Pope Francis has told the Egyptian people he is coming to Cairo this week as a friend and a “messenger of peace.”
In a videotaped message in Italian released by the Vatican on Tuesday, Francis says he hopes the pilgrimage will be “an embrace of consolation and of encouragement to all Christians in the Middle East.”
Twin bombings of Coptic Christian churches in Egypt on Palm Sunday killed 44 people. Francis departs for Cairo on Friday and returns on Saturday.
He wished the “dear people of Egypt” peace and said he was coming “with a joyful and grateful heart.”
Francis expressed hope that his trip to the majority Muslim nation might also “offer a valid contribution to interreligious dialogue with the Islamic world, and to ecumenical dialogue with the venerated and beloved Coptic Orthodox Church.”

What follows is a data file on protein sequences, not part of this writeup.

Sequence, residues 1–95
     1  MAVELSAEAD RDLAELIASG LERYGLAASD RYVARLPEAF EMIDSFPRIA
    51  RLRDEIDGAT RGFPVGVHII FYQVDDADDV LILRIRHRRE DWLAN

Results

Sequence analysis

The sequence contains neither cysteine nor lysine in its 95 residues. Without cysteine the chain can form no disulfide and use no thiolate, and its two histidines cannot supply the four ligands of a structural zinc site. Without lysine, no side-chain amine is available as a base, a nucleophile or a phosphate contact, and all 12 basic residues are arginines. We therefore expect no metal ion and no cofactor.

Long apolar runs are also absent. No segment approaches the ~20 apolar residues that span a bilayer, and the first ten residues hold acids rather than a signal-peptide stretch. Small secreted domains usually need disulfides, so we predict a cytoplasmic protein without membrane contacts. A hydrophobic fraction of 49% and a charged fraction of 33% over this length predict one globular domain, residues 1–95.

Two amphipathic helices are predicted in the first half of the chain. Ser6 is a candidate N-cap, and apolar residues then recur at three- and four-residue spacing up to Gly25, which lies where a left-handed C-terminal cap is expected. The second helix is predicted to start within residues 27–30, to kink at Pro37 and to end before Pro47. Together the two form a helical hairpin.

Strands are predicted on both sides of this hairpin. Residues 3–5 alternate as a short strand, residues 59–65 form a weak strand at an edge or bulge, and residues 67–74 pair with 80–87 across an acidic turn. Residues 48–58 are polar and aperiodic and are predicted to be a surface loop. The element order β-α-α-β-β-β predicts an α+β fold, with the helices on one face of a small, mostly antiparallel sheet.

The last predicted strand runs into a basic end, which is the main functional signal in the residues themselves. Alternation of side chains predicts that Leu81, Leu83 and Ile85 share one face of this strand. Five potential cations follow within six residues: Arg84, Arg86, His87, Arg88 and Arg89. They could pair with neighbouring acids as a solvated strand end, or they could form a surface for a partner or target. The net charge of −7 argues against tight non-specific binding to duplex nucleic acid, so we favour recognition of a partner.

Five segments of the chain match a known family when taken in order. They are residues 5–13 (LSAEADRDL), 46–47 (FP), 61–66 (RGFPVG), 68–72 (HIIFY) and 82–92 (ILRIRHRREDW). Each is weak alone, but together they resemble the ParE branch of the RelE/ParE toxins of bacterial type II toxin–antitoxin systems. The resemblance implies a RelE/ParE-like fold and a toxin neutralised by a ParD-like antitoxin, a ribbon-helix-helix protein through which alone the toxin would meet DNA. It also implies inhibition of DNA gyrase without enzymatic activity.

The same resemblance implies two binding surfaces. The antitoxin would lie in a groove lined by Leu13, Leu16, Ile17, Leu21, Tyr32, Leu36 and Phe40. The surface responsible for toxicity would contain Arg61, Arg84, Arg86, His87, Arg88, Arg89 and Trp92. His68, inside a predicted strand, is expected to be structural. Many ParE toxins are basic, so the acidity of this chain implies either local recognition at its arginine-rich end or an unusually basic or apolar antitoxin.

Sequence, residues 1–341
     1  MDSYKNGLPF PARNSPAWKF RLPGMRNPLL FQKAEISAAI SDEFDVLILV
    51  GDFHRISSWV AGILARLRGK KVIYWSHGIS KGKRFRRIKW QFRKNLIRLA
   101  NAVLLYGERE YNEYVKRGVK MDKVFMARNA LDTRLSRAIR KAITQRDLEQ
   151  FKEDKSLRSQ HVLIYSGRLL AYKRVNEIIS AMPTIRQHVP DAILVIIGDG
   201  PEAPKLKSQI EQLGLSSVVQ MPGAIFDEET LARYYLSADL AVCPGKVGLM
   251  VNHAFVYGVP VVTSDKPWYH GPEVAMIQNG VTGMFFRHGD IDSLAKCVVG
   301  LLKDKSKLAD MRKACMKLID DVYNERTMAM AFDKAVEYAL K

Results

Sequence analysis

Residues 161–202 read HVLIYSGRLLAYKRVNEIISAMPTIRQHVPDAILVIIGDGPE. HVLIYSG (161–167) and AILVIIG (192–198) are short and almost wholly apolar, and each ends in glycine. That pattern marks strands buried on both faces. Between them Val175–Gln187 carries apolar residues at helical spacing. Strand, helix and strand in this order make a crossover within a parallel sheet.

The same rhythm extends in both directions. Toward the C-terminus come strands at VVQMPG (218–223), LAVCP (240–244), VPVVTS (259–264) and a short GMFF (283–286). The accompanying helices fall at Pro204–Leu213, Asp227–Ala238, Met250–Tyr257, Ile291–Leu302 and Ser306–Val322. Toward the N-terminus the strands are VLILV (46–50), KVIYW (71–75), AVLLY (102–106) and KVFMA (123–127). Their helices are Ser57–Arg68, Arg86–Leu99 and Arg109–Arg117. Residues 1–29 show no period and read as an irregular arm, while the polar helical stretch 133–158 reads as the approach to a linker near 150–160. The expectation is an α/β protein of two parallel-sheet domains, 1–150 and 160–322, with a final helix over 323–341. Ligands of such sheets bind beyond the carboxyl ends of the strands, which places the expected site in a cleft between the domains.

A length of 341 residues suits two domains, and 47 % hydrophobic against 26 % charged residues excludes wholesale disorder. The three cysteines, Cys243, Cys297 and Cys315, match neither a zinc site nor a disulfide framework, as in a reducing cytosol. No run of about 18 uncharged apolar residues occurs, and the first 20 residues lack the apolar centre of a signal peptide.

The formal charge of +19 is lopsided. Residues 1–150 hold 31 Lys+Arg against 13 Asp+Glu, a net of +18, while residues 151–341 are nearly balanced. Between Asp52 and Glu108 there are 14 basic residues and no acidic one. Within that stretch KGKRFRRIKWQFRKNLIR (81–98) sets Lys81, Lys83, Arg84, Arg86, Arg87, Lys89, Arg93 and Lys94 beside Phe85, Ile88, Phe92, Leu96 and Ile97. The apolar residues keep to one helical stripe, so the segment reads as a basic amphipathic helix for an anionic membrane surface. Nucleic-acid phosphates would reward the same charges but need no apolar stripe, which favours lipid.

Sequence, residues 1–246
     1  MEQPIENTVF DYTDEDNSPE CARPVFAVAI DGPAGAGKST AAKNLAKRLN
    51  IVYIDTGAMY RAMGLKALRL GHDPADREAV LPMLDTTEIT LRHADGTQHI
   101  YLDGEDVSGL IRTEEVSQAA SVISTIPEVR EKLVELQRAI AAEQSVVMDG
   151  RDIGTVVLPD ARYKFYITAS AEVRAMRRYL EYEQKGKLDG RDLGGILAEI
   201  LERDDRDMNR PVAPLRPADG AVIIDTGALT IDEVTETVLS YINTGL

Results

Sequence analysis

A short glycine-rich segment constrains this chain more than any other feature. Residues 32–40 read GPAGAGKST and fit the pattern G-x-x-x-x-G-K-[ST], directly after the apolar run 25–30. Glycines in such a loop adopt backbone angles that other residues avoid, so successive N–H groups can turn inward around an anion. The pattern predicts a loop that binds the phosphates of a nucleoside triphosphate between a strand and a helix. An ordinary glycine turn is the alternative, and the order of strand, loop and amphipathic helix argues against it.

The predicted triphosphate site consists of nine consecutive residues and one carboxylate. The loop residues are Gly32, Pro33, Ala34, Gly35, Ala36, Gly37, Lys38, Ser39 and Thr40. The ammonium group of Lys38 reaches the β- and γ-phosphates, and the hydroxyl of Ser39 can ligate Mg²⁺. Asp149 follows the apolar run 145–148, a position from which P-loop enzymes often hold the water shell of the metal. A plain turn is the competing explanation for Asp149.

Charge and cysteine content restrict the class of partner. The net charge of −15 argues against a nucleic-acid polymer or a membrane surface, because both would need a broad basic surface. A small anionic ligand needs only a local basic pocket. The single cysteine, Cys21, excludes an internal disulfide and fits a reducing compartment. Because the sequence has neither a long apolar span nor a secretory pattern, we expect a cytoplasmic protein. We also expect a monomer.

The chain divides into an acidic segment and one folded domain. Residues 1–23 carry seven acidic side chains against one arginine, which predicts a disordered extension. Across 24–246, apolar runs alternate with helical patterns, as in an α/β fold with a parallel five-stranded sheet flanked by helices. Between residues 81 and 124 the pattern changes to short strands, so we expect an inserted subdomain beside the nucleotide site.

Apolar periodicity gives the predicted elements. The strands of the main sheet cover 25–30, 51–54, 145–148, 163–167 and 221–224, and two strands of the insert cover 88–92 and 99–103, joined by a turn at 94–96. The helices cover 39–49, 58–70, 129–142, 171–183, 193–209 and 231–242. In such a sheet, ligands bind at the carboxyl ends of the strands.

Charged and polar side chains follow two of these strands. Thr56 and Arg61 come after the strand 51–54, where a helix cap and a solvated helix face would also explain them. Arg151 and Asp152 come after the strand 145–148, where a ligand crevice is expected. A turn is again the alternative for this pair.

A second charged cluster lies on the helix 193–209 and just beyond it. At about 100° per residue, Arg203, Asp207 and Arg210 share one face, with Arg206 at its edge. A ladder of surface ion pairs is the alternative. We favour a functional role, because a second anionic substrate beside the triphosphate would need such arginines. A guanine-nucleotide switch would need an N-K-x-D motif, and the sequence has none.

Egypt’s Copts, the Middle East’s largest Christian community, have long reported suffering discrimination as well as outright attacks.
Among those inviting the Pope were the grand imam of Al-Azhar, the leading center of learning of Sunni Islam, which previously had frozen relations with the Vatican.
Francis in his message said the world “torn by blind violence” needs “courageous people able to learn from the past to build a future without closing themselves up in prejudices,” as well as “builders of bridges of peace, dialogue, brotherhood, justice and humanity.”
Francis has strived to improve Vatican dialogue with the Islamic world after tensions developed during the pontificate of predecessor Benedict XVI.